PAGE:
Skip to comments.Maryland Commuters Are Stuck in Traffic: Which Candidates Have the Right Relief Plan?
Posted on 08/01/2018 12:14:41 AM PDT by Tolerance Sucks Rocks
Marylanders spend more time commuting to work than the residents of every other state, apart from New York. The time spent stuck in I-270 or Beltway traffic is maddeningly frustrating. Congestion results in less time spent with families and discourages workers from taking jobs involving longer commutes.
Economists estimate that congestion costs run into the billions. The statewide cost of congestion based on auto delay, truck delay and wasted fuel and emissions was estimated at $2 billion in 2015. This is an increase of 22% from the $1.7 billion estimated cost for congestion in 2013.
As serious a problem as transportation is for Marylanders, our candidates offer dramatically different solutions.
Governor Larry Hogan has proposed adding four new lanes to I-270, the Capital Beltway (I-495), and the Baltimore-Washington Parkway (MD 295), as part of a $9 billion Traffic Relief Plan. The Hogan approach involves using private funds to finance the expansion, through a Public-Private Partnership (P3). The P3 would use private developers to design, build, finance, operate and maintain these new express lanes on I-495 between the American Legion Bridge and the Woodrow Wilson Bridge, on I-270 between I-495 and I-70 and on MD 295.
To be sure, the Hogan approach involves tolls to pay for the improvements. These are essentially voluntary tolls that only apply when a driver uses an express lane. This gives drivers the option to choose to pay for faster travel, essentially when a drivers personal time is money calculation warrants their doing so.
The Hogan approach has also deployed cutting-edge smart traffic signals to improve traffic operation and ease congestion for approximately 700,000 drivers per day on 14 major corridors across the state. The system uses real-time traffic conditions and computer software that adjusts the timing of traffic signals, synchronizes the entire corridor and effectively deploys artificial intelligence to keep traffic moving.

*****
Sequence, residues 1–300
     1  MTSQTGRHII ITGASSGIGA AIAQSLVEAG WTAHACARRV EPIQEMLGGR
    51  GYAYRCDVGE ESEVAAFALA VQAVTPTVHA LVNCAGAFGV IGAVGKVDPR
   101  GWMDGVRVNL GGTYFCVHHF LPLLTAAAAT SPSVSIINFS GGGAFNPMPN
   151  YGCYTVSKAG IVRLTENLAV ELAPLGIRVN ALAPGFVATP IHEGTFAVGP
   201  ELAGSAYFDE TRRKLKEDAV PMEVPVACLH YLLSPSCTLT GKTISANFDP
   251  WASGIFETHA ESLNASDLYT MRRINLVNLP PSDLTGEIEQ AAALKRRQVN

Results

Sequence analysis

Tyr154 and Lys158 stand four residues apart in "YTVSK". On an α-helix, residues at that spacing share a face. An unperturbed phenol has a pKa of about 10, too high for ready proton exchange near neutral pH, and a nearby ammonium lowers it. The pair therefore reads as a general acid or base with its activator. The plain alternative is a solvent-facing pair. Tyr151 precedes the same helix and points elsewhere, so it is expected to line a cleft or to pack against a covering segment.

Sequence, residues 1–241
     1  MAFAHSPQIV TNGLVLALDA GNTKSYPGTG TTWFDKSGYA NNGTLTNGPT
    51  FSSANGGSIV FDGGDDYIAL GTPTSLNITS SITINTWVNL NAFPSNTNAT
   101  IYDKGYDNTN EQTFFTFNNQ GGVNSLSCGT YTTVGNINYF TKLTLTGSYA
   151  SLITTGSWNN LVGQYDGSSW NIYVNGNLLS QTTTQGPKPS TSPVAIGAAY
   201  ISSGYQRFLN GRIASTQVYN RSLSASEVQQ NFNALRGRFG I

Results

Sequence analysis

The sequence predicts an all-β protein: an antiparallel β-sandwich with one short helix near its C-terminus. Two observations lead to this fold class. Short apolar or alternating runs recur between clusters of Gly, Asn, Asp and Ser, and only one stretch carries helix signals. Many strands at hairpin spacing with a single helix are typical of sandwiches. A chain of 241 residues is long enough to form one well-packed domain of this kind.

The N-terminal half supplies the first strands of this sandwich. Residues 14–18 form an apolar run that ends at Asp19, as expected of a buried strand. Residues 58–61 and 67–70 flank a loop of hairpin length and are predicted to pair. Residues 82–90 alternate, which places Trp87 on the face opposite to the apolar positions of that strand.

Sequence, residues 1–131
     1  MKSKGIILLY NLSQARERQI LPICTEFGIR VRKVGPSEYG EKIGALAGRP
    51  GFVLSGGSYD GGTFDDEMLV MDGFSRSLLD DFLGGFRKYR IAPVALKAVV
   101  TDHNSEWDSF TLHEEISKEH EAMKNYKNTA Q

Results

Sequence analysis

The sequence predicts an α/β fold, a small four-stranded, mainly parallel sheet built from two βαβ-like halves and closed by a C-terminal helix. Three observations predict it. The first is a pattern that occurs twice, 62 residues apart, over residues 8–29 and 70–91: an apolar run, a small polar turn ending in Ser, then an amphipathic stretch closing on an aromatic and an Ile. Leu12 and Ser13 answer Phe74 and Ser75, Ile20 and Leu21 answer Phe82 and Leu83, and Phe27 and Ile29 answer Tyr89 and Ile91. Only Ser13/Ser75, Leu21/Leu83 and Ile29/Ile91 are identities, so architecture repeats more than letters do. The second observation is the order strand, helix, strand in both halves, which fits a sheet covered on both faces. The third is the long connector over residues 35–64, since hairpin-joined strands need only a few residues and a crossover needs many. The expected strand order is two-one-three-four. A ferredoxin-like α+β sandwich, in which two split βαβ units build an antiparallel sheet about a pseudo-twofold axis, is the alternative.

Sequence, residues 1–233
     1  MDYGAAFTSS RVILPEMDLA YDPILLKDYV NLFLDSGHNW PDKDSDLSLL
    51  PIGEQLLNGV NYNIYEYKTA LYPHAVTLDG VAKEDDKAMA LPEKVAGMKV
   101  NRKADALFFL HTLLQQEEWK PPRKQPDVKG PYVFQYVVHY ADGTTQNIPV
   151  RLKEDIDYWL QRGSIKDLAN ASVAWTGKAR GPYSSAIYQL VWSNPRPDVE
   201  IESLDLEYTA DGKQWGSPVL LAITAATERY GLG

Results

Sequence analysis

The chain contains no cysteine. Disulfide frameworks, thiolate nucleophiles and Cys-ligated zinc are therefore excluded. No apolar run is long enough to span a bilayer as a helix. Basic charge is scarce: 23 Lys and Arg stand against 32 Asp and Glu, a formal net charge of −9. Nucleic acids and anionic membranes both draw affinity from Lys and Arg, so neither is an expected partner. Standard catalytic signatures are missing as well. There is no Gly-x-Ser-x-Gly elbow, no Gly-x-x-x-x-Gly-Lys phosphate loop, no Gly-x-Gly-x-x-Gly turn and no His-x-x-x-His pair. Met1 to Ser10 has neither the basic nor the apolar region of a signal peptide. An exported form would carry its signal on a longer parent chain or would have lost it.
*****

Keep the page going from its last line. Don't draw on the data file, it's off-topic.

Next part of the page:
As Montgomery County Executive, Republican candidate Robin Ficker promises to partner with Governor Larry Hogan to implement the Governors End Gridlock Plan." He would also prioritize I-270 relief for the section from Montgomery Village to Clarksburg.
The Jealous approach? He says he would reverse Larry Hogans singular focus on roads and instead spend more on mass transit. For example, he promises to use scarce state transportation funds to build Baltimores Red Line. Jealous has also been critical of toll-lane expansion.
Meanwhile, Democratic Montgomery County Executive candidate Marc Elrich has been a long-time advocate of a Bus Rapid Transit system. He promises to make building it, along with the Corridor Cities Transitway, his top priorities.
The major problem with the Ehrlich-Jealous mass transit approach is this:
Nearly half of Marylands transportation spending is devoted mass transit, even though cars account for approximately 97% of all travel. The Left tries to justify the imbalance by promising motorists that travelers will be diverted away from the roads to transit.
However, after spending billions over the past two decades on public transit, Maryland mass transits increase of 52,000 daily commuters has been more than offset by a 62,000 loss in carpool commuters. In a single recent year, transit usage dropped 8% in Baltimore and 3% in the Washington metro area. In short, promised travel diversion to public transit has never materialized. Nevertheless, Marylands left-wing progressives are not prepared to give their public transit spending dreams.